Throughout the playoffs, the Houston Astros have consistently produced a high amount of runs against both kinds of Sox averaging 6.7 runs-a-game and have scored nine or more runs four times.
So far this postseason, the Astros’ games have been filled with plenty of firepower from the offense.
Looking more specifically into the American League pennant race, the Astros had either taken the lead or expanded it in the late innings of several games. One thing is for certain, if the Astros are in the game come the seventh inning they will come out on top.
In innings 7-9 this postseason, the Astros are hitting .320 with seven home runs, while scoring 27 runs total. Home run heroics have come from half of the lineup as Jose Altuve, Carlos Correa, Kyle Tucker and more have taken opposing pitchers deep.
The lineup still comes with only two question marks: the eight hole and nine hole. If Martin Maldonado gets a hit here or there, it just adds to the fuel, as Chas McCormick has been up and down as well.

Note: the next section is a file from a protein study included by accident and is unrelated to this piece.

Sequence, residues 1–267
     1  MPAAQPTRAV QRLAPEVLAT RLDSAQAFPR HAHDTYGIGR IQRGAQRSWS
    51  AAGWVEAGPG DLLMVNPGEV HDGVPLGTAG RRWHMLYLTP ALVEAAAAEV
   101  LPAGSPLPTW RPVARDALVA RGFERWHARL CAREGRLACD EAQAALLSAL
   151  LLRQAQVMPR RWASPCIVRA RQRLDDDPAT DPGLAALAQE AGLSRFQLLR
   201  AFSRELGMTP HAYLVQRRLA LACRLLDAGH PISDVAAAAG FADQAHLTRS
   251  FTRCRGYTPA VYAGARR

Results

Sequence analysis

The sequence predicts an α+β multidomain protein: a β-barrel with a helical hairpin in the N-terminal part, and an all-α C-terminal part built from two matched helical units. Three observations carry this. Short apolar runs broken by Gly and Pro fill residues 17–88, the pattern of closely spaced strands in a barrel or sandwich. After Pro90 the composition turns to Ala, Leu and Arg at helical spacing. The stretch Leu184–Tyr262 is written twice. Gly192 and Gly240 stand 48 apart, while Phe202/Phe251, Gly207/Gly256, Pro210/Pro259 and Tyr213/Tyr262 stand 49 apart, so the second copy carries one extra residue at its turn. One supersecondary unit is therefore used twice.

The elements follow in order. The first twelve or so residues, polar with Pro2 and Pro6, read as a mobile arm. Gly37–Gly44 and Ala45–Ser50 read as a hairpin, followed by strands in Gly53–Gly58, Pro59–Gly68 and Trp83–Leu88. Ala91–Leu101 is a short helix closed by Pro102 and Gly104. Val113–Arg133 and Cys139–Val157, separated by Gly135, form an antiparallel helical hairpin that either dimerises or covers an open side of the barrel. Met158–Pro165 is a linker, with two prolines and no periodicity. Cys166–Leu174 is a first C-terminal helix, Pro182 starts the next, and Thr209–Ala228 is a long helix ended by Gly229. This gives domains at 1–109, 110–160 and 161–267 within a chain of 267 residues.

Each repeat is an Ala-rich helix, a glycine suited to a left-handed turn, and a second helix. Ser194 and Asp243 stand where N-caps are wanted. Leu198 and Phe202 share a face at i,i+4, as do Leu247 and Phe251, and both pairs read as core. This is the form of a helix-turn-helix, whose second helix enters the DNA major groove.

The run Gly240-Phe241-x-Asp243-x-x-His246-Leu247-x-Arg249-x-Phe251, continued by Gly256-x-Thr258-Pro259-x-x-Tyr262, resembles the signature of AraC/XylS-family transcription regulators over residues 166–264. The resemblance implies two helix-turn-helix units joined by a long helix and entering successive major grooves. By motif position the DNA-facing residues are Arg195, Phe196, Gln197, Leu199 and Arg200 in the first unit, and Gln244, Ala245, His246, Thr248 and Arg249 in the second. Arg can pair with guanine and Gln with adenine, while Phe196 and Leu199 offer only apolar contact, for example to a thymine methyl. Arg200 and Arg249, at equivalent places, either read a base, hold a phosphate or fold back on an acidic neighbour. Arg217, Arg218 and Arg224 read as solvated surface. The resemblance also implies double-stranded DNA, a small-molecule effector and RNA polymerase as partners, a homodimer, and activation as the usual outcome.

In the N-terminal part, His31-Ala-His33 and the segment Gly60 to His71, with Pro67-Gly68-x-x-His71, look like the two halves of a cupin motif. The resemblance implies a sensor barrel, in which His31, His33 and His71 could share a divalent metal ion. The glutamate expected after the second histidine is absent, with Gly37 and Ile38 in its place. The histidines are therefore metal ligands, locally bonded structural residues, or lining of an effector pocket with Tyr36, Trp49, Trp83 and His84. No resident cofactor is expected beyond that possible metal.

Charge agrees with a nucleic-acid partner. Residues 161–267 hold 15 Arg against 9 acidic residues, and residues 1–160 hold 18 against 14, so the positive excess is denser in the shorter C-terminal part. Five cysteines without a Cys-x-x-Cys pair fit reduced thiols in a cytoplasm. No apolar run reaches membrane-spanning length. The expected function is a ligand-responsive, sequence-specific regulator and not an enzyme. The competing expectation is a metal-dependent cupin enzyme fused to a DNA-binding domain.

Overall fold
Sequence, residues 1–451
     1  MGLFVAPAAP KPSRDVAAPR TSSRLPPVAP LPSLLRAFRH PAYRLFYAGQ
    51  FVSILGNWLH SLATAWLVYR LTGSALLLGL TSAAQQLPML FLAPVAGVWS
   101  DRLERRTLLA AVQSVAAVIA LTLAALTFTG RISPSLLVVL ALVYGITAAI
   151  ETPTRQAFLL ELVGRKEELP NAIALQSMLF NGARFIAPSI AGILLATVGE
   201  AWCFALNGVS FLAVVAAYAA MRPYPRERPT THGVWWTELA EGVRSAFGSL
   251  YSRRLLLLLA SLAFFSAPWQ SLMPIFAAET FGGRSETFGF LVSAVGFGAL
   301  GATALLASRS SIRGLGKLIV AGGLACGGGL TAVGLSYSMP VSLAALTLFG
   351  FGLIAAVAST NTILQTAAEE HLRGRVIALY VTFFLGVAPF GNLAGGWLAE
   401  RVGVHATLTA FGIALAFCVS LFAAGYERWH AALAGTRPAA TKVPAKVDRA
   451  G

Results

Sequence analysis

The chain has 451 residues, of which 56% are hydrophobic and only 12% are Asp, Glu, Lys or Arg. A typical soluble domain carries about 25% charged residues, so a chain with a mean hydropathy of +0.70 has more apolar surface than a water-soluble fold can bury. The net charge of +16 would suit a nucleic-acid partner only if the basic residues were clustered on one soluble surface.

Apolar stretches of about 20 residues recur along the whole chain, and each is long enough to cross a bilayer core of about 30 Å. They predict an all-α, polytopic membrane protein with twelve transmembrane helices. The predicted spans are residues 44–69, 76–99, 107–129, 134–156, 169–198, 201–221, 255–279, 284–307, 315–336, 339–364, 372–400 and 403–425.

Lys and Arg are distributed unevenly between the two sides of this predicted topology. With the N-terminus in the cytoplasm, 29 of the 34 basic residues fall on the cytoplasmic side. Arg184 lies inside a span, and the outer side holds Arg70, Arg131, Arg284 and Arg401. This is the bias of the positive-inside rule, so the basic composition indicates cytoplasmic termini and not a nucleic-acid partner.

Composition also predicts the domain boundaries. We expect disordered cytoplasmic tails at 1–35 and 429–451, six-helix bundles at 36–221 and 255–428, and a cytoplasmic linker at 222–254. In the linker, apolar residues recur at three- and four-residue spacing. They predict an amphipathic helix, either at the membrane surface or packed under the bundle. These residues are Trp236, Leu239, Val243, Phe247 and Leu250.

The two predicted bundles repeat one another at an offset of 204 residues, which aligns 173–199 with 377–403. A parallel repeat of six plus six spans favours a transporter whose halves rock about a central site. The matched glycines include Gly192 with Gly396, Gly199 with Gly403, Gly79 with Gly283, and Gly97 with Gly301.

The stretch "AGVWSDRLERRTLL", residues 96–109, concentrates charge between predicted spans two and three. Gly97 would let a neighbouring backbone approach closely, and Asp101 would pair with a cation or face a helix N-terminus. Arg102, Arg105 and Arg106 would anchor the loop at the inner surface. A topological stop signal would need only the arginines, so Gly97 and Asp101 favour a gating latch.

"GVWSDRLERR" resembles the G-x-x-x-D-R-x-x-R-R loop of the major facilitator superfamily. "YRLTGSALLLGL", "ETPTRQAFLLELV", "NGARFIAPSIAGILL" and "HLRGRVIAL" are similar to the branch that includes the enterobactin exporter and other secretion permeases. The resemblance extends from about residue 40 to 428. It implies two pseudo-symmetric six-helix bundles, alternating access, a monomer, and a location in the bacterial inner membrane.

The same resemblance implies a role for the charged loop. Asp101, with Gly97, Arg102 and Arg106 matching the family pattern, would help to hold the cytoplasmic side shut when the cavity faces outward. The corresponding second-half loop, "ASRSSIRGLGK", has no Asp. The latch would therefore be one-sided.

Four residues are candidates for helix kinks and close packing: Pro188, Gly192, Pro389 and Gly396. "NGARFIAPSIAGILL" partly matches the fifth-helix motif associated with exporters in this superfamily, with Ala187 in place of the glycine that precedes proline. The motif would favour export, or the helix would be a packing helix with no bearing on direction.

If either of those guys get a hit, the Atlanta Braves‘ pitchers will labor against the top to bottom against a solid seven. Case in point, if the guy leading the league in batting average (.319) is hitting seventh, you’re doing something right.
Combining the power and average has been a mainstay for the playoffs with a high number of home runs hit and hitting for a solid average, especially in the last innings.
The Boston Red Sox bullpen couldn’t withstand the Astros stacked lineup and routinely gave up big innings. The most notable big inning they gave up came in the ninth of Game 4 where the Astros scored seven runs, putting the game out of reach.
No matter the color of the Sox, the Astros took them to the cleaners, especially late. Fair warning to the Braves in the World Series, your bullpen is put on notice.